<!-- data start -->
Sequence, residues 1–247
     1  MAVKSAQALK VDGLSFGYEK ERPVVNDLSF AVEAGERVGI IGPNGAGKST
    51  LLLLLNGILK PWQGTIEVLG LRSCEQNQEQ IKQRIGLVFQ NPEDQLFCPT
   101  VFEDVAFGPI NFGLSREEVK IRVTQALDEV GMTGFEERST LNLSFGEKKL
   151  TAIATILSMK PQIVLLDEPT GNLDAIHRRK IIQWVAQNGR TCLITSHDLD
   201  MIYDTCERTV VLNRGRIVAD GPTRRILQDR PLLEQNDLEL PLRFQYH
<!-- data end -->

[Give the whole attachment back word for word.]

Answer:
Sequence, residues 1–247
     1  MAVKSAQALK VDGLSFGYEK ERPVVNDLSF AVEAGERVGI IGPNGAGKST
    51  LLLLLNGILK PWQGTIEVLG LRSCEQNQEQ IKQRIGLVFQ NPEDQLFCPT
   101  VFEDVAFGPI NFGLSREEVK IRVTQALDEV GMTGFEERST LNLSFGEKKL
   151  TAIATILSMK PQIVLLDEPT GNLDAIHRRK IIQWVAQNGR TCLITSHDLD
   201  MIYDTCERTV VLNRGRIVAD GPTRRILQDR PLLEQNDLEL PLRFQYH